Saturday, 28 November 2015

The Sacré Coeur Up Close

I've been living eight minutes walk from the Sacré Coeur for the past 10 years, however the last time I went up to the top was in 1981. 34 years ago! Oh my, that makes me feel so old.

Time to do something about this. Access to the dome is at the west side of the Basilica: 4€ for children and 6€ for grown ups. Given the fantastic view you get from the top I think this is money well spent. 300 steps take you to the top. For me, the physical side of the ascent was fine, I've been living in Montmartre for long enough to have plenty of practice with stairs. The narrowness of the stairs, however, was a little challenging. Claustrophobics beware! As well as those prone to dizziness.

What helps the journey up to the top is the way you pop out at at different levels and get to admire the domes and roofscape 'eye-to-eye'.

Not to mention the gargoyles.

The textures and patterns on the domes are right there for you to enjoy.

I often admire the copper winged statue from ground level. Here I got to see it up close. 

Looking up.

Looking across: a copper lightening conductor.

Looking down: traces of copper, bleed across the roof.

And then of course there are the magnificent views across Paris. Towards La Défense ...

Towards the Eiffel Tower.

What's not to like?

Wednesday, 26 August 2015

Southern Shutter Swatches.

I've written about Arles shutters before (here). I love pretty much everything about them, their colour, their weathered texture, with cracks and peeling paint that show the passage of time. During our holiday in Arles this summer I took some close up photos of a selection of these moveable window covers. Shutter swatches.

And here are some shutters in situ, looking wonderful against the creamy Arlesienne stone.

Previous Arles posts:

A Room With a View.

Round and About in Arles.

Thursday, 13 August 2015

A Room With a View

We're back in one of our favourite places, Arles. A Provencal town 40 kms inland from the Mediterranean and 90 kms west of Marseilles. Arles is steeped in history and culture. Apart from the Roman amphitheatre, a Classical Theatre, and antique baths there are endless, narrow, incredibly picturesque streets that wind around each other in unpredictable ways. A pleasure to get lost in.

We're staying in the Hotel du Forum on the main square. Up on the third floor we have a beautiful view across the rooftops. Curved Roman terracotta tiles prevail.

Looking down and across the Place du Forum.

A window above Le Café Van Gogh, the Café which Van Gogh famously painted in 1888 while he was living in Arles. 

From our hotel room we can also see this domed tower on the top of the Mairie d'Arles. 

In the morning.

In the evening.

We move rooms today, the view is different but just as good. More photos to come!

Arles photos from previous visits.

Arles: shutters, clear skies and dragon flies.

Round and About in Arles.

Wednesday, 22 July 2015

Lovely Loire

Our annual visit to the Loire has finally come round. A week spent with friends relaxing in their small house in a tiny village near Candes Saint Martin. When we first started coming here the children were little so we would start the day earlier than we chose and our days were spent moving from one activity to another. Now, the kids are older and we have seen most of the nearby Chateaux, it feels like the daily rhythm has changed to a more leisurely pace. We go for strolls and cycle rides, swimming and accrobranche. We make it up as we go along.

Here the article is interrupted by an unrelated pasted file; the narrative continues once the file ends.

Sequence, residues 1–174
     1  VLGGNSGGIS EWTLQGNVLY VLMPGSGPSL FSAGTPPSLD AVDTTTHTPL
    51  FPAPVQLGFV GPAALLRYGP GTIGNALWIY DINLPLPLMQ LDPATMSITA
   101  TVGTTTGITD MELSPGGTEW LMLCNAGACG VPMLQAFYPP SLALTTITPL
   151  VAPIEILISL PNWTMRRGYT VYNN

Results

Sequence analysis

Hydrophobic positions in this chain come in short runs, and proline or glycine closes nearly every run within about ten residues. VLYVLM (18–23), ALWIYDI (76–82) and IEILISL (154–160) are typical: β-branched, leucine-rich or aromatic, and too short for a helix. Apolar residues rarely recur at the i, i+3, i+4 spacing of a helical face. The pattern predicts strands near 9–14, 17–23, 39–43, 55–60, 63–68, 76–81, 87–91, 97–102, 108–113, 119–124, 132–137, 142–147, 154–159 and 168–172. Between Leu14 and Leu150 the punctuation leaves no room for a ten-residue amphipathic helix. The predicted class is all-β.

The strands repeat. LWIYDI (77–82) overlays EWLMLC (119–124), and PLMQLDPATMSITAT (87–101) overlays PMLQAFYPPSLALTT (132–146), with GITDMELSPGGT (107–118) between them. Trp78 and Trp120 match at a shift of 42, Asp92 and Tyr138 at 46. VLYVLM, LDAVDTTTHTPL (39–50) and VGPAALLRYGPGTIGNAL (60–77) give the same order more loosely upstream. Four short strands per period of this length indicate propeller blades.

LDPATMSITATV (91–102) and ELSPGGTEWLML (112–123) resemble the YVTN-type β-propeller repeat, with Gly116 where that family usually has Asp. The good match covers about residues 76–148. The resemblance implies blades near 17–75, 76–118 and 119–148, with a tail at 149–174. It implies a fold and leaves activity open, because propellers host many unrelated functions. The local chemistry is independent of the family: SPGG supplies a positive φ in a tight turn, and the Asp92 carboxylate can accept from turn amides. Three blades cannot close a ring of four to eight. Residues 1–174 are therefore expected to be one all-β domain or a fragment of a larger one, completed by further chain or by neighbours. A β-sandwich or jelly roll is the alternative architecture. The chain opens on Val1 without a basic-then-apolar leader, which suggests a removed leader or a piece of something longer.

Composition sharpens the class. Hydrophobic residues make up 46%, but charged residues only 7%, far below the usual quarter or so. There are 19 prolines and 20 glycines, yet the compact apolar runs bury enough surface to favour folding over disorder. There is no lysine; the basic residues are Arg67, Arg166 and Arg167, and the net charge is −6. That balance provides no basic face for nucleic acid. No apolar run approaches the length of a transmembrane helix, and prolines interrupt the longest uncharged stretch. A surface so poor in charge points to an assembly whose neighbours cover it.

We like to visit old haunts. On our first evening we went on a cycle ride to some nearby caves. 

Last year in the fields on either side of this small track grew sunflowers.

Near the caves are a beautiful collection of quite grand houses. 

I love this grass roofed dovecot.

No shortage of bees here.

Or vineyards.

Big skies.

Good sunsets.

What's not to like?

For more Loire posts from previous year, click here.

Friday, 5 June 2015

Wonderful Windows

I've written about Paris doors before (Doors Galore). Lately I've become preoccupied with windows. Their different shapes, the reflections they create, their surround, their positioning within the facade of the building. Once you start looking, you realise how many variations there are and how much there is to see.

Here is a fairly typical Parisian facade. Only the windows on the lower floor have shutters. I wonder why?

The next road along, an apartment building catches the soft morning light. Shutters on all floors.

A cat watches the world go by from her window.

In the south of France, most windows have shutters. Everything is done to keep out the heat from the sun. Here are some shuttered windows in Arles.




And ... I'm not even sure what this is about. 

In Paris there are many huge north facing windows, designed to get as much light into the building. This amazing apartment block in the 14th arrondissement was designed by architect André Arfidson and ceramicist Alexandre Bigot.

Here is another beautiful glazed window on Avenue Junot in Montmartre.

Many Parisian windows at ground level have security bars. Here is a plain one. A street artist has felt the need to liven it up.

Another plain set of bars. This time it's the sun that has livened it up.

Curly bars.

French windows with elaborate metalwork balconies completely transform the way this apartment block in the 12th arrondissement looks when they catch the sun.

The way light reflects off windows can change the way they look. Here are some fiery windows at dusk.

Some windows detached from their frames are for sale at the Marché Saint Ouen. Lampposts and their shadows are reflected.

A stained glass window in the Église Saint Pierre diffuses the light from outside into the cool low lit church.

The dormer windows of Chateau de Versailles are some of the most ostentatious widows I've ever seen!

And finally, some bespoke burglar bars on a window in Montmartre. Even Spiderman is intrigued by these.